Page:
DIY Exterior Ping Pong Table
An exterior ping pong table has been on my to-do list for years. We’ve had a cheap ugly ping pong table on our back patio for a long time and it just barely fits. We can’t back up from the table very far, so my boys can’t really get a good game going. Plus, we had a cozy swinging bed in the place where the ping pong table currently sits, and I really miss that swinging bed, so …out you go ping pong table.
This beautiful new ping pong table will sit outside. Pretty much right where I’m building it.
Ping Pong tables are standard 5′ x 9′. After much deliberation I decided to use plywood to make my table rather dimensional lumber.
I’m using a full 4′ x 8′ sheet of plywood for the center, and ripped down another sheet of plywood to 5 1/2″ strips to go around the outside edge to bring it to the proper finished dimensions. I’m also adding a 1″ X 2″ piece of trim the outside edge to close the raw plywood edge.
I used my circular saw to rip the plywood down to 51/2″ strips. I used 1″ x 6″ pine lumber as my jig. I clamped the 1″ x 6″ to the plywood and ran the fence of my circular saw along the edge of the lumber to get a perfectly straight cut.
No table saw necessary. Yay.
Then I fastened the 5 1/2″ strips to the outside edge of the table top.
I used my Kreg Jig to create pocket hole joinery.
I have a super simple and extremely effective way to make sure the table top is flush…the video explains this part really well. Check the video below.
After all the edge pieces were attached to bring the table top to the proper dimensions, I attached the 1″ x 6″ pine boards to the underside of the ping pong table top to shore-up the seams and cover the pocket holes. This makes the seams stronger, covers the pocket holes thereby making the wood less vulnerable to the elements, and keeps the table from warping and cupping.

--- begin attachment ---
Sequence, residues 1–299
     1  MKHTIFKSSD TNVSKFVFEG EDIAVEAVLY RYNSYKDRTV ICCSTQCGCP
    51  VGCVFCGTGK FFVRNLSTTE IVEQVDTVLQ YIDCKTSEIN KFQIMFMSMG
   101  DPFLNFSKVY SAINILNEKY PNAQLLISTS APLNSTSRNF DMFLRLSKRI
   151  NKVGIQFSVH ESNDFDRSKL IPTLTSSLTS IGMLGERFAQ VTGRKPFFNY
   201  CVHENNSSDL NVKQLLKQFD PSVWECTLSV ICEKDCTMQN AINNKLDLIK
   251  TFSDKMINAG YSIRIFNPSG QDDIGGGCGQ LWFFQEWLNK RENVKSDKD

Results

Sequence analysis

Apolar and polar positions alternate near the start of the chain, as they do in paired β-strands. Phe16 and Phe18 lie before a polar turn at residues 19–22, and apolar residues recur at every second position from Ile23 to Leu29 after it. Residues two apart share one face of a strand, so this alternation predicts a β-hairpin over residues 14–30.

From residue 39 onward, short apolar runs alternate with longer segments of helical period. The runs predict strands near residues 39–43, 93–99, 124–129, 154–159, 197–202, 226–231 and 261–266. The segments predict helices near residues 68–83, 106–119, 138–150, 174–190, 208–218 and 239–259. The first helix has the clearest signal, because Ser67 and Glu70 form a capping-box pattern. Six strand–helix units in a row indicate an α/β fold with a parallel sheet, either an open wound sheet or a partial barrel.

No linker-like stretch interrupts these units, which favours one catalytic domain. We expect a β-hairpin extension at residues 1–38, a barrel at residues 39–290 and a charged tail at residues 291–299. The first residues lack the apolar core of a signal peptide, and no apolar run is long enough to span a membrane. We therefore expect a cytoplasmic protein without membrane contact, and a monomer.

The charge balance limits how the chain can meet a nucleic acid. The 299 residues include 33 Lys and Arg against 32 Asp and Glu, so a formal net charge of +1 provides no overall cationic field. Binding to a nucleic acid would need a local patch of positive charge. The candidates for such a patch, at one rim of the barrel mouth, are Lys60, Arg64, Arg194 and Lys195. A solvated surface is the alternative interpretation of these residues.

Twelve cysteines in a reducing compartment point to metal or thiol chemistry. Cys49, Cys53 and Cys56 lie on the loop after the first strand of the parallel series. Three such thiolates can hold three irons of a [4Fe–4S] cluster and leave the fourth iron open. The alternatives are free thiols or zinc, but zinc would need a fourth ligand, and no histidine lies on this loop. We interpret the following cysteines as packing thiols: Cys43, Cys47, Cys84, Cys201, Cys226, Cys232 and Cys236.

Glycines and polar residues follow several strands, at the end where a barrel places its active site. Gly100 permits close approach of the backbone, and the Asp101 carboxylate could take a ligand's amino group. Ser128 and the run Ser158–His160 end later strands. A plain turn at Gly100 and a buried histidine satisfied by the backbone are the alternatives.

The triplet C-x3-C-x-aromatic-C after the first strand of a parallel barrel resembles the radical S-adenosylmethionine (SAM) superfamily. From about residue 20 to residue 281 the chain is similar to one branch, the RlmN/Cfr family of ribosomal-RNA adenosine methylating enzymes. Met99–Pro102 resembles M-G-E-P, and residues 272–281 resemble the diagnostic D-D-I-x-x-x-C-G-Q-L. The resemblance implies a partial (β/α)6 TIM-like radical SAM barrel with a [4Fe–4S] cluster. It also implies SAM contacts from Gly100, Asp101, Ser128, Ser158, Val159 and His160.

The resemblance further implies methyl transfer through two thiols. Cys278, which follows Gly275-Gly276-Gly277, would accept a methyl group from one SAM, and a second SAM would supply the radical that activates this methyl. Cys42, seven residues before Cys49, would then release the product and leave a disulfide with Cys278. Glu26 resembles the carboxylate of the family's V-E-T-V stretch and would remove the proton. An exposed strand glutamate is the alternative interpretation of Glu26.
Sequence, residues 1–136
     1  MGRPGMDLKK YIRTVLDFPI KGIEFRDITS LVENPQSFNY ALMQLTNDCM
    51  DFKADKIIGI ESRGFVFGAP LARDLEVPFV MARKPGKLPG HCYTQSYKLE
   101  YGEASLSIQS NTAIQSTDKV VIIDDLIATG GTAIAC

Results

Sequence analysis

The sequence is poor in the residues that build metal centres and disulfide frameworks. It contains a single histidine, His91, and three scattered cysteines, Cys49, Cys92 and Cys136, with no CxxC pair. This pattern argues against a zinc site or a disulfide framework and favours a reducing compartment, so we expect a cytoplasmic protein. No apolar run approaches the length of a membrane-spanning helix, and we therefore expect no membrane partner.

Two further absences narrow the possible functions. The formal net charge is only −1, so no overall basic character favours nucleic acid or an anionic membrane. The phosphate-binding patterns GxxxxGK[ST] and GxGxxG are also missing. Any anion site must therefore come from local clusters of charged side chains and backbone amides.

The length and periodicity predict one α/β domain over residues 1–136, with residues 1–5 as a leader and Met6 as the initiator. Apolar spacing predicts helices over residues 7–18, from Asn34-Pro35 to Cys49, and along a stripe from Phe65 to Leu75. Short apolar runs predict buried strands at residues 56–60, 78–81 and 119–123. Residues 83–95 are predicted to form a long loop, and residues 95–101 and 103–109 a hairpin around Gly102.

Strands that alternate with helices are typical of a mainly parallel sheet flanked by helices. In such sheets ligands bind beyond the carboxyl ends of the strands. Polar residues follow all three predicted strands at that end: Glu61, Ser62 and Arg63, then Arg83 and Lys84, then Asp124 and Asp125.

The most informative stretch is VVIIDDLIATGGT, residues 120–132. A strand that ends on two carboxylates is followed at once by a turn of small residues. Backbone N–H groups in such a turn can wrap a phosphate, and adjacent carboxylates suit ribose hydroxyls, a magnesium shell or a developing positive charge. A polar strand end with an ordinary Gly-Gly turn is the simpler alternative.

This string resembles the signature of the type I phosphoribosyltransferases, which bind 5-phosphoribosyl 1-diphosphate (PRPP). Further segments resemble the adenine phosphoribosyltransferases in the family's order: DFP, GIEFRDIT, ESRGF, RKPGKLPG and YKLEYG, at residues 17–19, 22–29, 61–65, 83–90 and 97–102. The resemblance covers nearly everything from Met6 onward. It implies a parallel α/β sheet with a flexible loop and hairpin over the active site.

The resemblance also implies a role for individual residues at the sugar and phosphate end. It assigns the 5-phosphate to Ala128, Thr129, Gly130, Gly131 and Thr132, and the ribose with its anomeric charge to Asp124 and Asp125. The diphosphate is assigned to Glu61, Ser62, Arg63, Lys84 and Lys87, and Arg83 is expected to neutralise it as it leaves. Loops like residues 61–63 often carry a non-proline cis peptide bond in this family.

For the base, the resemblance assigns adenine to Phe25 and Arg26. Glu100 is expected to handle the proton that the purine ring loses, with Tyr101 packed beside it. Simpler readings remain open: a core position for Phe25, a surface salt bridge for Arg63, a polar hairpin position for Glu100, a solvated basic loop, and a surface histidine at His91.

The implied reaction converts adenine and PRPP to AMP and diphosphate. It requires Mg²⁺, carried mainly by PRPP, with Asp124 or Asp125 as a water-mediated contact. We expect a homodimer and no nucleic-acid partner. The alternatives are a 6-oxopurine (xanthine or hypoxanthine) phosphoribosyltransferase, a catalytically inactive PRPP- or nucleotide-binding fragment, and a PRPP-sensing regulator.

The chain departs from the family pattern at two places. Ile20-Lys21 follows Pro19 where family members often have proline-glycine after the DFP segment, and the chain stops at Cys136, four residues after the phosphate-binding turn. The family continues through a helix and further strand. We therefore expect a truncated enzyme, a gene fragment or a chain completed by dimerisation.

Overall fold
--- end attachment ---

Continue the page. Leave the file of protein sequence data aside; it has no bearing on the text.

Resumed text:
I attached all the 1″ x 6″ ‘s with glue and exterior screws.
And finally I attached 1″ x 2″ pine to the raw plywood edges. I mitered the corners, glued the edges, and fastened the pine with pin nails.
After the ping pong tabletop was complete I used wood filler to fill all the seams. I then sanded the entire tabletop in preparation for the stain and sealer.
Prior to staining the table I used Scotch brand blue painters tape to tape off the regulation lines. It worked like a charm…I was concerned that the stain may seep under the tape, but delightfully it didn’t, and the lines are crisp and clean.
I applied two coats of stain to the tabletop using a soft cloth. Easy, Easy.
And Finally…I used @totalboat brand water-based varnish to seal the tabletop. I applied 4 coats of the varnish. I think I will even apply a few more. The beauty of water-based varnish is that its quick drying and you can re-apply in an hour.
The @totalboat varnish has a velvety soft satin finish.
The base for this ping pong table I made years ago just before Thanksgiving. I made a blog post but didn’t include a step by step tutorial because I literally finished the table only days before Thanksgiving. As a matter of fact, they were never really finished. I ran out of wood stain so they were only half stained all this time. Anyhow…the link to the Anna White plans for the table base are